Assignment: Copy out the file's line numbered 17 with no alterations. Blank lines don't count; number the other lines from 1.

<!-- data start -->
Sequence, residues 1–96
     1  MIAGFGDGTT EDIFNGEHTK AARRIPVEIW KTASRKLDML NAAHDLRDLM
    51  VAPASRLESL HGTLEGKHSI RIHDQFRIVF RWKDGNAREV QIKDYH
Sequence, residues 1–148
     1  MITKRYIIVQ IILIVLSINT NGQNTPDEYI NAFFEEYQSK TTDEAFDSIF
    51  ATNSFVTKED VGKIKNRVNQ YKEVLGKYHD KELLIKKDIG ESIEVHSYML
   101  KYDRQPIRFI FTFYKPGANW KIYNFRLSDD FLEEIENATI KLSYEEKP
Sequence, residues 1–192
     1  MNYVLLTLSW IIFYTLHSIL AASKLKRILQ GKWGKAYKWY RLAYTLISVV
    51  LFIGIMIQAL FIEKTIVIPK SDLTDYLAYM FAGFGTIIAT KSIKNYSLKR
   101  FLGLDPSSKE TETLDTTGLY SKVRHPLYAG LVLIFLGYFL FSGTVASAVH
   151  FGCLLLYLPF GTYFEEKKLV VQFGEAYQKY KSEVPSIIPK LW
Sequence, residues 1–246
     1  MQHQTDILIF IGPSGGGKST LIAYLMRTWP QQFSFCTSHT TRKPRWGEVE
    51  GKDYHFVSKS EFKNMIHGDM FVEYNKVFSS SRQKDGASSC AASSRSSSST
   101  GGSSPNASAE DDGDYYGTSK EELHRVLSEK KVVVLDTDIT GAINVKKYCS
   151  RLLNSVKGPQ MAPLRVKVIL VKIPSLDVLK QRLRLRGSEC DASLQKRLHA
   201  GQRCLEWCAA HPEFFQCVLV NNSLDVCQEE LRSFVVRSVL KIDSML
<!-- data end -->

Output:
   151  RLLNSVKGPQ MAPLRVKVIL VKIPSLDVLK QRLRLRGSEC DASLQKRLHA